GreenYour Wood floor
Recycle wood floors
Recycling your wood floor prevents wood waste from going to the landfill where its decomposition produces greenhouse gases. It also reuses a natural resource—trees—thereby preserving the world’s forests.
How to recycle wood floors
The most efficient way to recycle your wood floorboards is to find someone who will refurbish them into new wood flooring.
- Donate your wood floor to a Habitat for Humanity Home Improvement Outlet or other charities that need building materials.
- Contact companies that salvage used wood to manufacture new wood floors. Search your local phone book and the Internet using these key words: recycling services, recycled wood, reclaimed lumber or rediscovered wood.
- Visit Smartwood for directory of companies that use recycled wood to make new products. The Rainforest Alliance's SmartWood program provides certification (look for Smartwood's "Rediscovered Wood" logo) to identify wood products that use salvaged, reclaimed or recycled sources.
- Earth 911: Provides a search engine that will direct you to a wood recycling center in your area.
- The National Recycling Coalition has a resource listing at their website National Recycling Coalition - State Recycling Resources, as does the US Environmental Protection Agency (EPA) - MSW State Data.
Recycling wood floors helps you go green because…
- It prevents wood waste from going to the landfill, where its decomposition produces greenhouse gases.
- It eliminates the need to harvest virgin trees from the world’s forests, protecting watersheds, as well as habitat for wildlife and understory plants.
- It saves energy because, generally, the steps required to supply recycled materials to industry (including collection, processing and transportation) use less energy than the steps required to supply virgin materials to industry (including extraction, transportation and processing).
In 2003, the United States generated nearly 6 million tons of wood waste that went to landfills. The decomposition of landfill wastes is the largest source of human-related methane emissions in the United States. Compared to carbon dioxide by weight, methane is almost 21 times more powerful at warming the atmosphere.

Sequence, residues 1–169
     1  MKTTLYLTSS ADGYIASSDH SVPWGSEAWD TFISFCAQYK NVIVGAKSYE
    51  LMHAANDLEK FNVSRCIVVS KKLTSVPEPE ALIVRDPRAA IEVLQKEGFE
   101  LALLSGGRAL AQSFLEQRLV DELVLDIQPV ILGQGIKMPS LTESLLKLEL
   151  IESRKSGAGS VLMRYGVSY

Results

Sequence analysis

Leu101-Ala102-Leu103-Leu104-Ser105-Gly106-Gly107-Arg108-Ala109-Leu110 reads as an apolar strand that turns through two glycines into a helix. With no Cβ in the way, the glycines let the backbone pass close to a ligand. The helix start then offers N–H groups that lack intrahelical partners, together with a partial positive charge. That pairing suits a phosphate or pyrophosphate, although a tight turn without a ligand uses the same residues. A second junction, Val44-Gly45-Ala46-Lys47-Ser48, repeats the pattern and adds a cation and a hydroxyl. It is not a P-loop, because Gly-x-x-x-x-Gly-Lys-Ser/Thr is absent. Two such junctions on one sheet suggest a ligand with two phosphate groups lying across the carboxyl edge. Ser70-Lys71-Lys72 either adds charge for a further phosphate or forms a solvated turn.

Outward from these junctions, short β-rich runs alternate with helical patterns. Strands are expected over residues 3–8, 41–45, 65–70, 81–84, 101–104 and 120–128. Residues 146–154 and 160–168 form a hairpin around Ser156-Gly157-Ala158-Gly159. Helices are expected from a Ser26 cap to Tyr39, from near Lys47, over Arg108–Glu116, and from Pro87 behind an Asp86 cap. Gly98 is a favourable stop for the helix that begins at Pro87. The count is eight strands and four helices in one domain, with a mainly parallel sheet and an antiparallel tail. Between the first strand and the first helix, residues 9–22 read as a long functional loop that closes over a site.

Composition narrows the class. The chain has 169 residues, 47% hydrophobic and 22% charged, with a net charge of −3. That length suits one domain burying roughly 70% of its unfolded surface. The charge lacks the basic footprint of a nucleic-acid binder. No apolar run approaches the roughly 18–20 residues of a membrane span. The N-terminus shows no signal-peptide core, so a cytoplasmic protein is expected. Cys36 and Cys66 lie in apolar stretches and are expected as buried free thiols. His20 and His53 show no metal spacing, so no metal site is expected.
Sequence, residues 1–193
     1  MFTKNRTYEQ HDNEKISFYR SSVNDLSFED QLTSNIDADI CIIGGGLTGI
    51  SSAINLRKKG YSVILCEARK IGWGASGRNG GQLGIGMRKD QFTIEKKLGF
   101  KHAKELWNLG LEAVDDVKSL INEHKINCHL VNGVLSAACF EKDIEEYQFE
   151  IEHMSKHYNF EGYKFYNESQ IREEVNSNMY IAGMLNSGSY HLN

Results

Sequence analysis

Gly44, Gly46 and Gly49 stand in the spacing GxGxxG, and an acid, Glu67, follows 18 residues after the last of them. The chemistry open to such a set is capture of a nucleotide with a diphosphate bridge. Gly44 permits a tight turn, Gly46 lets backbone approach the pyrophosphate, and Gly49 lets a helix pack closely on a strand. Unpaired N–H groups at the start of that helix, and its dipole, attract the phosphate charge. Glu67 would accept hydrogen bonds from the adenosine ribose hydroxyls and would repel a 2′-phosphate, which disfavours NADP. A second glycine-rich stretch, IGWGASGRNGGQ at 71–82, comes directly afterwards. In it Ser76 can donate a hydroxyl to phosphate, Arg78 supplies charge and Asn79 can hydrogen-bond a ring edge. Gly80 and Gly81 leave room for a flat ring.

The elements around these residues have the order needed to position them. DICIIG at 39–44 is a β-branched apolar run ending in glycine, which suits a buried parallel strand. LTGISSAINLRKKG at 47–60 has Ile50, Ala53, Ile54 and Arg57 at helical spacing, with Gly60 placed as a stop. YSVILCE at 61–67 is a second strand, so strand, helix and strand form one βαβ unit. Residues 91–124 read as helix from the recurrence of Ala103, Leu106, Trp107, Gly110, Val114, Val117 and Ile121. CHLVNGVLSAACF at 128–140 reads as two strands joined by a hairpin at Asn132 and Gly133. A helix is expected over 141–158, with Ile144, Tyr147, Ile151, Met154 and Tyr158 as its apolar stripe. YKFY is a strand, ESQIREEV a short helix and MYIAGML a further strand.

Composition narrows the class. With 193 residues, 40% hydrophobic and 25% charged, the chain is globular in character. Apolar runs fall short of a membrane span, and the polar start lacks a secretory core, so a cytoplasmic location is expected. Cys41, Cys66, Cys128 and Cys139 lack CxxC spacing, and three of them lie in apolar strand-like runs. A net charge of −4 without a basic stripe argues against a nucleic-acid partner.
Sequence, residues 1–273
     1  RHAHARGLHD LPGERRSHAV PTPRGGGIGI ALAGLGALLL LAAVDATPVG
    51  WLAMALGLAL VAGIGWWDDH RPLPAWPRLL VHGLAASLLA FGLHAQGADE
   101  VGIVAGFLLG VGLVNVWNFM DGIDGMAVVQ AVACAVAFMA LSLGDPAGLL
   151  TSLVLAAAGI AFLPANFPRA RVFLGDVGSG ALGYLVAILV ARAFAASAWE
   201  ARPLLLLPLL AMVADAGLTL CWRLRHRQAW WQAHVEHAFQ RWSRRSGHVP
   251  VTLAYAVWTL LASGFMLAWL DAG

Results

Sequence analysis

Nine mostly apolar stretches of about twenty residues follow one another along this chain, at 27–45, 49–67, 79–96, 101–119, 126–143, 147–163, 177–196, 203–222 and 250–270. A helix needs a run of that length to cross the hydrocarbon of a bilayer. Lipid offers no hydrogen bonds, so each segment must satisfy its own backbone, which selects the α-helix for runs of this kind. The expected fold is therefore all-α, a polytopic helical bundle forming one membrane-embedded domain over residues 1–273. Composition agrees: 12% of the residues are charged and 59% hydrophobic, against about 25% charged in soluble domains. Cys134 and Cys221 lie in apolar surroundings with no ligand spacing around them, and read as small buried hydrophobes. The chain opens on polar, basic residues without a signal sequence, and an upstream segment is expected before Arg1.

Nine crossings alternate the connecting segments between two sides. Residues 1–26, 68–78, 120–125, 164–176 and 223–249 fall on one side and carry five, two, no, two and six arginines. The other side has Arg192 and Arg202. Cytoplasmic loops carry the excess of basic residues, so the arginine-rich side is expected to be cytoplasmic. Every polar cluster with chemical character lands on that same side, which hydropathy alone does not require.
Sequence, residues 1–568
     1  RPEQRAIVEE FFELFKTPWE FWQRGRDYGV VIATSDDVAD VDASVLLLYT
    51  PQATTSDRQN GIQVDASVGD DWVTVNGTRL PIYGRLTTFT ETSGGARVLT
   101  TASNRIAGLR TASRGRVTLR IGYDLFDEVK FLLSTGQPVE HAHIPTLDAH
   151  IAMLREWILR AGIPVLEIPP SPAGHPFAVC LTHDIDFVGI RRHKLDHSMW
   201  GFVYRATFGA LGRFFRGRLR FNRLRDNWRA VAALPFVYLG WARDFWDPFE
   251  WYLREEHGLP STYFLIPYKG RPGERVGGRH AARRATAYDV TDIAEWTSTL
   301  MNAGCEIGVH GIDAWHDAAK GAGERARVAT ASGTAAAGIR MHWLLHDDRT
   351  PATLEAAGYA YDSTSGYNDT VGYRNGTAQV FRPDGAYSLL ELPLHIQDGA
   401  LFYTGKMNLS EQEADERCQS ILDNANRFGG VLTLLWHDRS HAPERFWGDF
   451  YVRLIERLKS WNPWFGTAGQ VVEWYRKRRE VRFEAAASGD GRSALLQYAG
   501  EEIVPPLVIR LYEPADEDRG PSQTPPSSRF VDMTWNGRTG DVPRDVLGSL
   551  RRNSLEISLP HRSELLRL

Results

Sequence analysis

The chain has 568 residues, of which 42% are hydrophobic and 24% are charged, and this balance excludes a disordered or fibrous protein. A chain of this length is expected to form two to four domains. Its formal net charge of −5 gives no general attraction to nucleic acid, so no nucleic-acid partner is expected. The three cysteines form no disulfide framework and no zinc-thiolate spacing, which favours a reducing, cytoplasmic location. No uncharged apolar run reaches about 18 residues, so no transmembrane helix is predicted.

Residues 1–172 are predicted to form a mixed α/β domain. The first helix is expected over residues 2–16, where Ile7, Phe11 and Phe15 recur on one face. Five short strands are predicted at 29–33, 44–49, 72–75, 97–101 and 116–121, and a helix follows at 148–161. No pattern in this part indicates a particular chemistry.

Recycling wood floors also reduces the need to harvest trees from the world’s forests. For example, salvaging 1 million board feet of reusable lumber from an old warehouse can offset the need to harvest one thousand acres of forest. The harvest of trees negatively impacts the earth’s biodiversity when habitat is destroyed and it affects the earth’s ability to absorb greenhouse gases. Trees absorb carbon dioxide, a greenhouse gas, and "exhale," or release, oxygen. It's estimated that an acre of trees can grow 4,000 pounds of wood per year while consuming 5,800 pounds of carbon dioxide and producing 4,280 pounds of oxygen.
- recycled wood: Post-consumer wood that has been processed (usually by mechanical means) to be used in the manufacture of a new product.
- reclaimed lumber: Post-consumer wood that has been used for another purpose and is being salvaged for a new use. Almost all reclaimed wood is a high-grade wood as it was originally harvested from old-growth forests.
- rediscovered wood: A term used by Rainforest Alliance’s certification program to describe wood that is recovered, recycled and reused.
- Green Home Guide - Domestic Reclaimed Wood
- Pennsylvania Department of Environmental Protection - Recycling Saves Energy
- US Environmental Protection Agency - Basic Information about Wood Waste
- Environmental Protection Agency - Landfill Methane Outreach Program
- US Environmental Protection Agency - Methane
- Rainforest Alliance - SmartWood: Rediscovered Wood Program Description
- American Forest and Paper Association - Benefits of Wood Use